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Helping Border Agencies and Citizen Identification Authorities Improve Service, Speed and Security to Achieve High Performance
With seven billion people on the planet and the rapid growth in international travel and trade, verifying identities at country borders is more demanding than ever. Globalization, combined with the proliferation of information, has increased the need for accurate identification of individuals and a more efficient, open movement of travellers and goods.
Governments are faced with tough choices: how can they balance prevention and protection with access and inclusion?
Watch perspectives on Uniqe Identity in this short video filmed at Biometrics with speakers and delegates, including Nikos Isaris from DG Home Affairs, Large-scale IT Systems and Biometrics, European Commission and Mark Crego, Accenture Global Border and Identity Management Lead.
Download Video Transcript [PDF, 154 KB] PDF Help
Around the world, being able to establish and verify an identity is not only an attractive proposition but also a pragmatic one. Using a network of shared information to confirm an individual’s “unique identity” —which helps answer the fundamental question “Who are you?” is an essential prerequisite to realizing tangible benefits, such as offering new services to citizens and facilitating international trade.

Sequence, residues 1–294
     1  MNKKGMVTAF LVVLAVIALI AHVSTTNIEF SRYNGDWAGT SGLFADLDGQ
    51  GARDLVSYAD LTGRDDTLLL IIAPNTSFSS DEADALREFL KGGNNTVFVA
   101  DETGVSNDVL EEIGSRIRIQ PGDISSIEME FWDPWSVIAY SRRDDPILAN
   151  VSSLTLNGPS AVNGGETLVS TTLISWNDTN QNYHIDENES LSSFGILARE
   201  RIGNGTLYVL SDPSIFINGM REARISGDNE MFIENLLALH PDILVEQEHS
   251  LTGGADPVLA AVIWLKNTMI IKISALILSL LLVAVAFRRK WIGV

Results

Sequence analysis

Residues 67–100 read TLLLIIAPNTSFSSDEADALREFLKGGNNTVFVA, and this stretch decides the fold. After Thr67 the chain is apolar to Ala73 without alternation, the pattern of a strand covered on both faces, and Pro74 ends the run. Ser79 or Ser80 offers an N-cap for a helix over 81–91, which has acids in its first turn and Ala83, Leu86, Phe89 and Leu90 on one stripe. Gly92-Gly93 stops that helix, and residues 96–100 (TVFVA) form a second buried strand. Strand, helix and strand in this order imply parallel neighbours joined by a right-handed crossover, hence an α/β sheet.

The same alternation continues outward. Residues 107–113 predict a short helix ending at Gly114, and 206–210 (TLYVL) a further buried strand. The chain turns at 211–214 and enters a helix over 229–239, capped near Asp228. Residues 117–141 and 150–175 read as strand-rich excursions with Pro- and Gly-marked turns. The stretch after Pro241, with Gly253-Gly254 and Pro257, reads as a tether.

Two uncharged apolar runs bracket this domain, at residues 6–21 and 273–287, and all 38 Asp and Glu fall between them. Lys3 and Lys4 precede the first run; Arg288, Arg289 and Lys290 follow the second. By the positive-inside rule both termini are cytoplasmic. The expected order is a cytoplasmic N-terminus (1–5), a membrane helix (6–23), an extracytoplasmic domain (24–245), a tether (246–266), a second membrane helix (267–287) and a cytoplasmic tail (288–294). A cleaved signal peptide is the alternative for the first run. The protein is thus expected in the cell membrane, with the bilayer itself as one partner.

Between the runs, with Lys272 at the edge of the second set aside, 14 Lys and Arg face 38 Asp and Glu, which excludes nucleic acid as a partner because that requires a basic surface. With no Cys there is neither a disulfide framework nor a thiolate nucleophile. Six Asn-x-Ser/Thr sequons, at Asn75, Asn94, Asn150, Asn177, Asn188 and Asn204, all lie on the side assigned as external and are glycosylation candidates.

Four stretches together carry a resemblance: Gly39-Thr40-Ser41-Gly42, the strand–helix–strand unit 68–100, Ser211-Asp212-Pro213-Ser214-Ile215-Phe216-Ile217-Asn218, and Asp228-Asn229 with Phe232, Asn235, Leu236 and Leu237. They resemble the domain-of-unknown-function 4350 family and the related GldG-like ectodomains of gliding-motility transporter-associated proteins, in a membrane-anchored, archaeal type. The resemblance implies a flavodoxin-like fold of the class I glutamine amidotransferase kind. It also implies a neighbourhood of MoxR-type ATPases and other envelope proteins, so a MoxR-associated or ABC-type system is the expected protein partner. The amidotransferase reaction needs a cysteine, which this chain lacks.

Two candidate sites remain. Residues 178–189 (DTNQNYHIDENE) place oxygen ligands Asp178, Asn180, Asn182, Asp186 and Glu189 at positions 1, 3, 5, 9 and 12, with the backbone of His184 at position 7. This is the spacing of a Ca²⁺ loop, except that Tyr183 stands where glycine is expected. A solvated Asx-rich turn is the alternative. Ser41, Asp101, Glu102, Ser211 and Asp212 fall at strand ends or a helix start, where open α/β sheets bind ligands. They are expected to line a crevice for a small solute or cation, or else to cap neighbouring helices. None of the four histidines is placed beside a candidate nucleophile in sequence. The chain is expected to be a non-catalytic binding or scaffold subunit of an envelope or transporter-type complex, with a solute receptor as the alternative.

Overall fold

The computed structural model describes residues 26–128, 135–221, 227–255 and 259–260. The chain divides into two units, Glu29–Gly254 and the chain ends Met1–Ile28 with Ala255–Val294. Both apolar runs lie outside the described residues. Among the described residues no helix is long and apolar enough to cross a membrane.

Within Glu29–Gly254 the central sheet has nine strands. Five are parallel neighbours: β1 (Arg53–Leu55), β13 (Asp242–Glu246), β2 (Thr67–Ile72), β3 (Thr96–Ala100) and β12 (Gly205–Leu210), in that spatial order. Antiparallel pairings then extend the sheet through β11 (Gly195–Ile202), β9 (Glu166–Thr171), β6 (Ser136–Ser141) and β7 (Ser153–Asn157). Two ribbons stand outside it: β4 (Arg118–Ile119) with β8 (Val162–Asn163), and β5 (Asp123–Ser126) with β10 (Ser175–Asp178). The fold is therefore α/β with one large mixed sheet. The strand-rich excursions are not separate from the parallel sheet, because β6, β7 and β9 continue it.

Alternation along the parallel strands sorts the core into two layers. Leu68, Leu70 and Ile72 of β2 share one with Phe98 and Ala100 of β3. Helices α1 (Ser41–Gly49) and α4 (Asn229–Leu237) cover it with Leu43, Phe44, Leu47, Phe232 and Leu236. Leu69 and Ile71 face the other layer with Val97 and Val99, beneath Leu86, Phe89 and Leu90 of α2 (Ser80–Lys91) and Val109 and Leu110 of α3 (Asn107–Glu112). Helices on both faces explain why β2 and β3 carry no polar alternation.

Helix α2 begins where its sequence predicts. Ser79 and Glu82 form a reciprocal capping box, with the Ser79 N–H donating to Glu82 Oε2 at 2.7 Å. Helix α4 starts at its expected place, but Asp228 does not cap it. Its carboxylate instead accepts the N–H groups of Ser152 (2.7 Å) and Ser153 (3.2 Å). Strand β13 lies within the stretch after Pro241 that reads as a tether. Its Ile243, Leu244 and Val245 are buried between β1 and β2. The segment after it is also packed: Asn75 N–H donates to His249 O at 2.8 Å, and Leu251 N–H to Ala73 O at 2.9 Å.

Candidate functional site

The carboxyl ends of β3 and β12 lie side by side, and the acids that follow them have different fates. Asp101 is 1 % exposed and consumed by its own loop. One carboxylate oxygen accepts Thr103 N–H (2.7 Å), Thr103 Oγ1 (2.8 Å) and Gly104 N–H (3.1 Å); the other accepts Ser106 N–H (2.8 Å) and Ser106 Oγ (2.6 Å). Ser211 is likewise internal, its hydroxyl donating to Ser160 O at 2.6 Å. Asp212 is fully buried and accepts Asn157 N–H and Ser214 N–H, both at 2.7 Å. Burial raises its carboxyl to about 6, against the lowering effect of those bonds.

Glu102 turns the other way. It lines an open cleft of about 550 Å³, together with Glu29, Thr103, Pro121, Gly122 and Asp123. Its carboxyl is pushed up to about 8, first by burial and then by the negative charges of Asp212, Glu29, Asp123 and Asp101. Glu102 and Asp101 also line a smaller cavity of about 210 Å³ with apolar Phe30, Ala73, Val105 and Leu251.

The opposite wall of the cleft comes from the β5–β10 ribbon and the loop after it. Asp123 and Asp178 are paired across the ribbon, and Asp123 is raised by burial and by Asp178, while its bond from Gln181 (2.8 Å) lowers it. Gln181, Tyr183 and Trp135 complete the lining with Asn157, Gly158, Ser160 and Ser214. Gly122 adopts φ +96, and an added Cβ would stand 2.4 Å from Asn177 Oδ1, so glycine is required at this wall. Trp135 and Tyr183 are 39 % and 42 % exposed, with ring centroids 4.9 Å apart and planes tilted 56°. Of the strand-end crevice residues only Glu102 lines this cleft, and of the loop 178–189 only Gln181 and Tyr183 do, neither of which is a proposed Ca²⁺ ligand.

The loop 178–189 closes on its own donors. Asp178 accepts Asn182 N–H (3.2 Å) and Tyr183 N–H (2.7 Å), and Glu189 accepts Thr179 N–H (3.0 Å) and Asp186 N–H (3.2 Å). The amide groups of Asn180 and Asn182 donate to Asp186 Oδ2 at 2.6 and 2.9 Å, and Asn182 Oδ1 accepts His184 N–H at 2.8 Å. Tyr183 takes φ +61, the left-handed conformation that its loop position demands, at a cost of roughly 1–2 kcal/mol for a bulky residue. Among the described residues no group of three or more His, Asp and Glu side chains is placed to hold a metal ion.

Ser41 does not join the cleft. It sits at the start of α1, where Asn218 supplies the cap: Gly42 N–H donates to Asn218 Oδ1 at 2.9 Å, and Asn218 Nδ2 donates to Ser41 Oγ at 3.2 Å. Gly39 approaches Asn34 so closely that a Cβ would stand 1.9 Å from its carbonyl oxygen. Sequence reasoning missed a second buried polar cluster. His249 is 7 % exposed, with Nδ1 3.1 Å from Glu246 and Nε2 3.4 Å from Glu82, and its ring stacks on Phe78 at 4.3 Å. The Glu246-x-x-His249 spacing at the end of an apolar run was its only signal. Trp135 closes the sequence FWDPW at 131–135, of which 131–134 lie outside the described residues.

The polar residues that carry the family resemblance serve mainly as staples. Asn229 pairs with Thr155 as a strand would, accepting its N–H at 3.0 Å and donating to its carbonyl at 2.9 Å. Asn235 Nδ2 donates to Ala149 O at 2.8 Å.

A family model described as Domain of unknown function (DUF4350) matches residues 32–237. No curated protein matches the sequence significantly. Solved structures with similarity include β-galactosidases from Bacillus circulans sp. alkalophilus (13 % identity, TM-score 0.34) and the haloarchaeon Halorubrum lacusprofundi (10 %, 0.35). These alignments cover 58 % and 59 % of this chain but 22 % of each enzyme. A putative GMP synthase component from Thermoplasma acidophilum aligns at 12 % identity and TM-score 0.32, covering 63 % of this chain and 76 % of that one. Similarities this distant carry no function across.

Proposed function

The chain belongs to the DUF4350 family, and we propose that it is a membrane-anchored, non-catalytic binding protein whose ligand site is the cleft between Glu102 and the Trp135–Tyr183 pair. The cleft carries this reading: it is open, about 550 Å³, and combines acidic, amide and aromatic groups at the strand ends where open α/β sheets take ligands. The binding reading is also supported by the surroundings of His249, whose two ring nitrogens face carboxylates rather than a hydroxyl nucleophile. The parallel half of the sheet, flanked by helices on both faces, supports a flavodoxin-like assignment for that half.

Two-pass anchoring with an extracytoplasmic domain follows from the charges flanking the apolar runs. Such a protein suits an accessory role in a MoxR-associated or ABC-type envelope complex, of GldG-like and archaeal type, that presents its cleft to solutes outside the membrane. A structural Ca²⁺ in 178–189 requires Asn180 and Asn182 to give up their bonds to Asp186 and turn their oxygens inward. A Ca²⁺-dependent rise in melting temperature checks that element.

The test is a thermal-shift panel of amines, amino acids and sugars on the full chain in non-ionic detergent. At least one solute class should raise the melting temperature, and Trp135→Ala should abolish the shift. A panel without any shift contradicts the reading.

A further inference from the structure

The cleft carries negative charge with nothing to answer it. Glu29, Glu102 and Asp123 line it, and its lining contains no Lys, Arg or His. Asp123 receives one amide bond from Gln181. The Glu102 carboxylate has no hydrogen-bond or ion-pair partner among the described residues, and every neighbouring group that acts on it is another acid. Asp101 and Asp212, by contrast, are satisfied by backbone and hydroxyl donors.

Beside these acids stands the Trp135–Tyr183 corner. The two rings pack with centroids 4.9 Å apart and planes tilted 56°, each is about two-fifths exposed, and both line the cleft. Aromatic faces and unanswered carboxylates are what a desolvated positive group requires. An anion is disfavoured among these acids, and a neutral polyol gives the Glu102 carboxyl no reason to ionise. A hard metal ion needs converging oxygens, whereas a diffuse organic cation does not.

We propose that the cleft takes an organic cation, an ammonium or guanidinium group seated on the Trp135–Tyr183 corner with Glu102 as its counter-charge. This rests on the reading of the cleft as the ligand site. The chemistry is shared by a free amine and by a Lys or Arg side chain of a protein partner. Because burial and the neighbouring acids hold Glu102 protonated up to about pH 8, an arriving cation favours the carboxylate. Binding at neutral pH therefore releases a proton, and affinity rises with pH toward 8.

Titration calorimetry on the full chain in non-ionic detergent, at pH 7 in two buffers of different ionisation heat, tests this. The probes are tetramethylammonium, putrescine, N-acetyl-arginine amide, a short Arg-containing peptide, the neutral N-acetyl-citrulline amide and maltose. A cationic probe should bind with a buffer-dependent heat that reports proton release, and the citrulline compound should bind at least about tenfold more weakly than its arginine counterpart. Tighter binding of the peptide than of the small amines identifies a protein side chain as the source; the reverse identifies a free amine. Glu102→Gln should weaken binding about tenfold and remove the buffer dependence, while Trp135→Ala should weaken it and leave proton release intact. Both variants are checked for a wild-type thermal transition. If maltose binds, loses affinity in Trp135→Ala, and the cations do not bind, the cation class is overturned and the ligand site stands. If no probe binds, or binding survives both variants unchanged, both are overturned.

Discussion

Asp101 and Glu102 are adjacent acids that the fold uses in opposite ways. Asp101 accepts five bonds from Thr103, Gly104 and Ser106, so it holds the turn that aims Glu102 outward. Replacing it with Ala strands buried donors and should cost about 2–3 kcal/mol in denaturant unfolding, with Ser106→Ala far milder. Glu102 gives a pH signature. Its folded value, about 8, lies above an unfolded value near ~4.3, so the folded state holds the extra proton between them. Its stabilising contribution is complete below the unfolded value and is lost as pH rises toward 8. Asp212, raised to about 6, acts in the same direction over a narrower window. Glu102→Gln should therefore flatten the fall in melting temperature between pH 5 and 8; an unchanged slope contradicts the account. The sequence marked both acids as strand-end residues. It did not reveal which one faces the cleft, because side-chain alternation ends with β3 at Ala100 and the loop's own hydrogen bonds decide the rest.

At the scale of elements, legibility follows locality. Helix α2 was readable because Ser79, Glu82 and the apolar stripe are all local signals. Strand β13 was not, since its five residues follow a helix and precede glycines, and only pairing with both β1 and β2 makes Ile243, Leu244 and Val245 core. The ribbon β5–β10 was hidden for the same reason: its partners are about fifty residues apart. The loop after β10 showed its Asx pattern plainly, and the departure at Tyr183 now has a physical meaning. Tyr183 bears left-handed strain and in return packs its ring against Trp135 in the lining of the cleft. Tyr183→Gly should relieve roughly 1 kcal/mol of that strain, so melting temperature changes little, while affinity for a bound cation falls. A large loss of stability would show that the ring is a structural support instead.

Indeed, Accenture believes that public service agencies are facing an unprecedented opportunity to achieve the best of all worlds—the ability to enable faster, more convenient travel for citizens; to facilitate better access to services and benefits; to gain greater transparency of public services; and to protect citizens and the associated technical, financial or physical infrastructures.
Accenture has handled some of the largest unique identity systems in the world, affecting more than 260 million identities around the globe.
Applied holistically, unique identity services can address issues of inclusion, access, security and consumerism. Today, many policy makers, corporate leaders and development experts are realizing that collaborating to create a data ecosystem can not only serve the public good, but also help border and immigration agencies to achieve business value.
Far from infringing personal power, unique identity opens up opportunities for citizens and public service agencies by helping to:
Enhance security and protect privacy: Facilitates travel and trade, addresses security issues, and protects the privacy of the individual
Promote inclusion and reduce fraud: Enables access and accurate entitlement to new benefits and services, encourages commerce and promotes financial inclusion
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